My taste in food is very simple. Steaming rice with a spoonful of ghee or butter, served with a sliced lemon, a little salt, and a piece of green chilli to bite on -- that's luxury eating for me. Place a bowl of arhar ki daal and a saag around that plate of rice and I shall be grateful to you all my life. Embellish the plate with a ball of boiled potato mashed with chopped onions, green chilli and mustard oil and I shall be your slave. Simple food not only nourishes your body but also your soul -- or so I believe.
So, while the rice boils, I have decided to write. And to create the hunger for my second dinner, I have poured myself a drink. Since the cooker will shut itself off once the rice (and the two potatoes in it) are cooked, I can focus on the drinking and writing. As long as the birds don't begin to chirp when I take the butter out of the fridge.
But what do I write about? I really have nothing new to say. At the age of forty, I am now leading a pretty boring and predictable life. No new encounters, no new experiences. On top of it, courage seems to be deserting me. Time was when the wife would be out of town and I would remind myself excitedly about the things I could do in her absence. Today, whenever the wife is travelling, I ruefully remind myself of the things I am unable to do in her absence. I really miss her. A wise man would describe this phenomenon as 'conditioning.'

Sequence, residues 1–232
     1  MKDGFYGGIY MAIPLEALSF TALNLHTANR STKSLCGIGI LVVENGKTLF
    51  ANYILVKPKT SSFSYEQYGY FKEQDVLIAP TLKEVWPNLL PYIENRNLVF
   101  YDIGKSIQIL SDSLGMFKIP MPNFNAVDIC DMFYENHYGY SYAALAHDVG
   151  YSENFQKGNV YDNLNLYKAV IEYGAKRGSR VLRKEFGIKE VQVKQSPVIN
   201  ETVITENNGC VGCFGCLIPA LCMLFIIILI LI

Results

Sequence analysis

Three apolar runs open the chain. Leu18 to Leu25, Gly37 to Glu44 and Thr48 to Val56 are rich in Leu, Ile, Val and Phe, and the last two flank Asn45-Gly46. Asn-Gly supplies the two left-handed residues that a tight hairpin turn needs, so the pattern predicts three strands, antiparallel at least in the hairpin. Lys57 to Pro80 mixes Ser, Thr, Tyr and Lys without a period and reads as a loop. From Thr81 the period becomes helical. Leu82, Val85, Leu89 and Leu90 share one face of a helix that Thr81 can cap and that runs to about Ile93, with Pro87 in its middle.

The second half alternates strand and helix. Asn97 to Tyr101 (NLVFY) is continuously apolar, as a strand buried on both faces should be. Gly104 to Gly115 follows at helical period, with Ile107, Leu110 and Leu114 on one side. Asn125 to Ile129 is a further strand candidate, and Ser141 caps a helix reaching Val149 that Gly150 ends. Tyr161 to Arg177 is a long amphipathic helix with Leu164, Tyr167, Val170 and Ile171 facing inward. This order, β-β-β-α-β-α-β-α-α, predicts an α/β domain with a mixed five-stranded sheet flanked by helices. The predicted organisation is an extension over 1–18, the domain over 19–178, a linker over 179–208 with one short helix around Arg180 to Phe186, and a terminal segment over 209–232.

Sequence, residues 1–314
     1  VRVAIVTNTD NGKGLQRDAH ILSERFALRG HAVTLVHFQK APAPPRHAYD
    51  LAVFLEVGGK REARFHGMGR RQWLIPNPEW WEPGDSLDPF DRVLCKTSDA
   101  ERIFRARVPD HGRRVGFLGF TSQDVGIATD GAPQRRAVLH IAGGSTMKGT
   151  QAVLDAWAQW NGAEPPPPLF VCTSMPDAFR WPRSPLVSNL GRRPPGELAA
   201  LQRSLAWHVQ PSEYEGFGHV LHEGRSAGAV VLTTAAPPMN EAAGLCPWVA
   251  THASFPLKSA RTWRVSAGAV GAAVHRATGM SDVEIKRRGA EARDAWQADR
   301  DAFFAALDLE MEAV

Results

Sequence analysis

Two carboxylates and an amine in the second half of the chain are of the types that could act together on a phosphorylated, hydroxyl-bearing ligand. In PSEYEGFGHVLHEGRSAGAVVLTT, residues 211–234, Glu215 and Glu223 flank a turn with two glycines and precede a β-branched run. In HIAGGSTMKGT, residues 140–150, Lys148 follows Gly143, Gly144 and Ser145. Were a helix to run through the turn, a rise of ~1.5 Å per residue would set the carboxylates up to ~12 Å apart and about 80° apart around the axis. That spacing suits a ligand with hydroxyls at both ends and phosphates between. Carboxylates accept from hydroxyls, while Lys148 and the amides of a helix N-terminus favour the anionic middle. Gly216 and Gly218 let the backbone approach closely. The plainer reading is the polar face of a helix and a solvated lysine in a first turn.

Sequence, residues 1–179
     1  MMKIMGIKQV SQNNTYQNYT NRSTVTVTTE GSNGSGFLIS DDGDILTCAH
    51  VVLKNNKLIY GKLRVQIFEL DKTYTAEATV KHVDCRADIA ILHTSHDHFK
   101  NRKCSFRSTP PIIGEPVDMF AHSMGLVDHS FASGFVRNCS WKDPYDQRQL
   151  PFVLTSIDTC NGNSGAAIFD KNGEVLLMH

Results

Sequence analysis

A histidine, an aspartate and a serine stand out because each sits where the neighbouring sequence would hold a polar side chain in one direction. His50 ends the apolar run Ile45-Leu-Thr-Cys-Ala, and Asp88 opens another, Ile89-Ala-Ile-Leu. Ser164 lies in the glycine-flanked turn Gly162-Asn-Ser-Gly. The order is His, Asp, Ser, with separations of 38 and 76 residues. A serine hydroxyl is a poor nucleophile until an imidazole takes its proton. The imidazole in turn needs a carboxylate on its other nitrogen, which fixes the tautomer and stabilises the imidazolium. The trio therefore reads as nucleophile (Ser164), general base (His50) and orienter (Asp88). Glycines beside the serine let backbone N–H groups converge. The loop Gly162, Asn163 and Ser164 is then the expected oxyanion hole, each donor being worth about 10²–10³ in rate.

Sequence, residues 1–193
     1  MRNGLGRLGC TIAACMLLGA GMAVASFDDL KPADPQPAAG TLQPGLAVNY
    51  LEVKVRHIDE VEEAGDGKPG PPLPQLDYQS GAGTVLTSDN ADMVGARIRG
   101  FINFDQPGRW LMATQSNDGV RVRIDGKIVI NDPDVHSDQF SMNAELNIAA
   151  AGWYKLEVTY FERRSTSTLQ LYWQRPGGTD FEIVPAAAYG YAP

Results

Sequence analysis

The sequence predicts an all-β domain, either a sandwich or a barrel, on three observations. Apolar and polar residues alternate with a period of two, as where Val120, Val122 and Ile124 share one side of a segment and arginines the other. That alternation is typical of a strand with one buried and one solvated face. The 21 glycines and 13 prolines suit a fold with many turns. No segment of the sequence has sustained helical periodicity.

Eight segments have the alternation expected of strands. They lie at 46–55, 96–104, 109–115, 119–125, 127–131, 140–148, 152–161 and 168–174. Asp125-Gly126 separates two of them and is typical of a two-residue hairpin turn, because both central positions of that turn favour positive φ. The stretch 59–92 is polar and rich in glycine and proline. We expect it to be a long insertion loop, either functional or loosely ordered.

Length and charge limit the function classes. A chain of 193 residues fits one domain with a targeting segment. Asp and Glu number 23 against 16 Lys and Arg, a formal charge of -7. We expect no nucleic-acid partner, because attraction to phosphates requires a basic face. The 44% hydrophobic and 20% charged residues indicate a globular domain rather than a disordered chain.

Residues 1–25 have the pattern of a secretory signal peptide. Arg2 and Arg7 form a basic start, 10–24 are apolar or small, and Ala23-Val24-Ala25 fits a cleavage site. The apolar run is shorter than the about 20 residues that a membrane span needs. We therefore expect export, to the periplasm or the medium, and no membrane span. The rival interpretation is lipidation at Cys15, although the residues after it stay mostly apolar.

In such a situation, I can only blog about three things with confidence -- things that affect me on a daily basis: my mother, Kishore Kumar and writing. Each day, I make new discoveries about my feelings towards these three elements that currently rule my life.
Hardly a day goes by when I don't recall -- and relive -- that phone call from my father who conveyed the news to me in a very level-headed manner: "Your mother is no more." It is nearly two years now, but the measured voice of my father still keeps ringing in my ear. But I can't keep blogging about it, can I, especially when I have written several posts about my mother's untimely death?